Chris Varma, Frontier Medicines CEO

Months af­ter Am­gen's land­mark KRAS ap­proval, Chris Var­ma bags a crossover round for next-gen can­di­date

For years, mu­tant, can­cer-fu­el­ing KRAS pro­teins were con­sid­ered “un­drug­gable.” That all changed in May, when Am­gen’s KRAS-block­ing drug Lumakras snagged the FDA’s first ap­proval in the field. And now a slate of in­vestors are bet­ting $88.5 mil­lion on a Bay Area start­up’s next-gen­er­a­tion can­di­date.

Fron­tier Med­i­cines has closed a hefty Se­ries B round, co-led by Wood­line Part­ners and RA Cap­i­tal Man­age­ment, the com­pa­ny said on Mon­day. Deer­field Man­age­ment, Deep Track Cap­i­tal, Ar­row­Mark Part­ners, Driehaus Cap­i­tal Man­age­ment, Sphera Health­care, DCVC’s Bio fund, Droia Ven­tures and MPM Cap­i­tal al­so chimed in. With the lat­est round, it’s pos­si­ble CEO Chris Var­ma has an IPO on the mind.

Var­ma launched Fron­tier back in 2019 with $67 mil­lion in launch mon­ey and a mis­sion to drug pre­vi­ous­ly “un­drug­gable” pro­teins. Since then, the 10-per­son team has grown to about 60 staffers. Var­ma — who has al­so co-found­ed Blue­print Med­i­cines and built com­pa­nies at Third Rock and Flag­ship — says the team is like­ly a cou­ple years away from the clin­ic.

“We’re pro­gress­ing rapid­ly to IND-en­abling stud­ies,” he told End­points News on Mon­day morn­ing.

Back in De­cem­ber, Ab­b­Vie shelled out $55 mil­lion up­front to part­ner with Fron­tier on pro­tein degra­da­tion work, promis­ing to re­im­burse the start­up for its pre­clin­i­cal R&D costs.

Mean­while, the B round will be used to ad­vance the com­pa­ny’s pre­clin­i­cal pipeline of pre­ci­sion med­i­cines against dri­vers of can­cer. Its lead pro­gram is fo­cused on block­ing ac­tive and in­ac­tive forms of KRAS G12C, the same mu­ta­tion tar­get­ed by Am­gen’s Lumakras for non-small cell lung can­cer. What dif­fer­en­ti­ates Fron­tier’s can­di­date is that it tar­gets both ac­tive and in­ac­tive forms of the pro­tein. A ma­jor­i­ty of pa­tients who are treat­ed with in­hibitors tar­get­ing in­ac­tive forms of KRAS G12C don’t re­spond, Var­ma added.

“The abil­i­ty to tar­get both forms of KRASG12C, which in­cludes the ac­tive and in­ac­tive states of the pro­tein, with a small mol­e­cule ther­a­py would be a long-await­ed sci­en­tif­ic break­through,” said Frank Mc­Cormick, a pro­fes­sor of the UCSF He­len Diller Fam­i­ly Com­pre­hen­sive Can­cer Cen­ter, in a state­ment.

“Im­por­tant­ly for pa­tients, a drug with this dual in­hi­bi­tion may be more ef­fi­ca­cious than a drug that tar­gets just the in­ac­tive form of KRASG12C by ad­dress­ing the large ma­jor­i­ty of pa­tients who are non-re­spon­ders to first gen­er­a­tion sin­gle-form KRASG12C in­hibitors, as well as those pa­tients whose tu­mors be­come re­sis­tant to the first-gen­er­a­tion mol­e­cules,” he con­tin­ued.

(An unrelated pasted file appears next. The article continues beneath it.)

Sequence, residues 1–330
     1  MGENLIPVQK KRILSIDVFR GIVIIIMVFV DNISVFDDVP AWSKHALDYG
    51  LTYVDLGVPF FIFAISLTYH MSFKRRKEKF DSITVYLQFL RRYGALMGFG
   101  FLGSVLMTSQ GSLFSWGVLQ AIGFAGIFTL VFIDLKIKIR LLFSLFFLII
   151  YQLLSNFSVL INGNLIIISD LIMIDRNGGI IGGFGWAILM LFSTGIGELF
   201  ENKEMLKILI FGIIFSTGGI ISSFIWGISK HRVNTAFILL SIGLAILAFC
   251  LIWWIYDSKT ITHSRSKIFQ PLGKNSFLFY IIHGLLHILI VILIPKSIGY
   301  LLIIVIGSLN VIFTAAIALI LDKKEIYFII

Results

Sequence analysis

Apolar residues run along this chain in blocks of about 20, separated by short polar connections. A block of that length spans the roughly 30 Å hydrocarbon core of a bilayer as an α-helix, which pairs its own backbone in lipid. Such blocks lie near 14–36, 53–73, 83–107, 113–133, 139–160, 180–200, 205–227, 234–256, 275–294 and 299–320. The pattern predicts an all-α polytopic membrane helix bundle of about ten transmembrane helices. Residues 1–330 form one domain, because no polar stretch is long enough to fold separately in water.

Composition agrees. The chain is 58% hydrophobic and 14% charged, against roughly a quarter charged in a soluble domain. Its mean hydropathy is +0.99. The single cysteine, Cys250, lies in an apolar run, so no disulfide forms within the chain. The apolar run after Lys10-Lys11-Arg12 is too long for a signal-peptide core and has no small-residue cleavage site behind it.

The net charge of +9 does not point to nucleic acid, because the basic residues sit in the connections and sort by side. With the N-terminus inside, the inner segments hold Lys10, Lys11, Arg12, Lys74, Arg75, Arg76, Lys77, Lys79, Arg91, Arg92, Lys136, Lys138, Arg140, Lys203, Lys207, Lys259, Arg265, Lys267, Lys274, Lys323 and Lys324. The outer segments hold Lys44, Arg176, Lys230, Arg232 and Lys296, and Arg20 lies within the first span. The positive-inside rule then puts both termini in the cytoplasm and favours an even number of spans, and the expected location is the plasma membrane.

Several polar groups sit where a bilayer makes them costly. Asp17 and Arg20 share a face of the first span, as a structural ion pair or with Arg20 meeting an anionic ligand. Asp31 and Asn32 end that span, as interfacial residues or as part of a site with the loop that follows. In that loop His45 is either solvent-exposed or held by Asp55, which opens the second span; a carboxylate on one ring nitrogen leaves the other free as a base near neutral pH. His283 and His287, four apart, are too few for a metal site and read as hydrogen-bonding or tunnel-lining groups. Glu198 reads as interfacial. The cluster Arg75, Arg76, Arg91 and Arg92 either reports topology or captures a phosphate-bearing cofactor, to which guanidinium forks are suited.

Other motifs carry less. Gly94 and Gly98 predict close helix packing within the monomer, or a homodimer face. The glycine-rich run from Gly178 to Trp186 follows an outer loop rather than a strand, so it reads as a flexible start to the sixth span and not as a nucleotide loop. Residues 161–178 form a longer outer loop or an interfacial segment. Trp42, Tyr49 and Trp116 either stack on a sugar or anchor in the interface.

At the core of Fron­tier’s plat­form is ma­chine learn­ing paired with some­thing the com­pa­ny calls chemo­pro­teomics, or find­ing new ways to bind tar­gets by ex­am­in­ing tem­po­rary pock­ets in pro­teins.

Up­on the com­pa­ny’s launch back in 2019, Var­ma told End­points that “drug­gable” pro­teins are like coat hang­ers — they have cor­ners that drugs can dock in­to. “Un­drug­gable” pro­teins on the oth­er hand ap­pear — fig­u­ra­tive­ly — more like a string.

“If you shake the string, you wig­gle it, then you see that ac­tu­al­ly curves do form and with­in those curves are cor­ners and you could imag­ine dock­ing a small mol­e­cule drug in­to those,” he said.

Fron­tier is work­ing on tech that would al­low sci­en­tists to put a co­va­lent bind there, cre­at­ing a per­ma­nent lock in a tran­sient cor­ner.

A hand­ful of oth­er drug­mak­ers are pur­su­ing KRAS in­hibitors, in­clud­ing Mi­rati, which snagged break­through ther­a­py des­ig­na­tion for its ada­gra­sib in non-small cell lung can­cer back in June. Eli Lil­ly jumped in­to the hunt back in March, and said it planned to put a new small mol­e­cule in Phase I lat­er this year. And back in Oc­to­ber 2019, Boehringer In­gel­heim ad­vanced its pan-KRAS in­hibitor in­to the clin­ic.

In ad­di­tion to the fi­nanc­ing, Fron­tier has an­nounced that it’s adding a new site in Boston to com­ple­ment its South San Fran­cis­co head­quar­ters, where it will “build its em­ploy­ee ex­per­tise across re­search and de­vel­op­ment, in­clud­ing dis­cov­ery, pre-clin­i­cal de­vel­op­ment, trans­la­tion­al med­i­cine, and ear­ly clin­i­cal de­vel­op­ment.” The new site is ex­pect­ed to open be­fore the end of the year, and will be home to about 60 or so more em­ploy­ees — and Var­ma added that he’s look­ing to hire.

*A cor­rec­tion has been made to note that DCVC’s in­vest­ment came from their Bio fund.

Illustration: Assistant Editor Kathy Wong for Endpoints News

How Pur­due's $272M ad­dic­tion pay­out fund­ed a new home for its dis­card­ed non-opi­oid re­search

Don Kyle spent more than 20 years working for Purdue Pharma, right through the US opioid epidemic that led to the company’s rise and eventual infamy. But contrary to Purdue’s focus on OxyContin, Kyle was researching non-opioid painkillers — that is, until the company shelved his research.

As the company’s legal troubles mounted, Kyle found an unlikely way to reboot the project. In 2019, he took his work to an Oklahoma State University center that’s slated to receive more than two-thirds of the state’s $272 million settlement with Purdue over claims that the drugmaker’s behavior ignited the epidemic of opioid use and abuse.

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President Joe Biden at the State of the Union address with Vice President Kamala Harris and House Speaker Kevin McCarthy (Patrick Semansky/AP Images)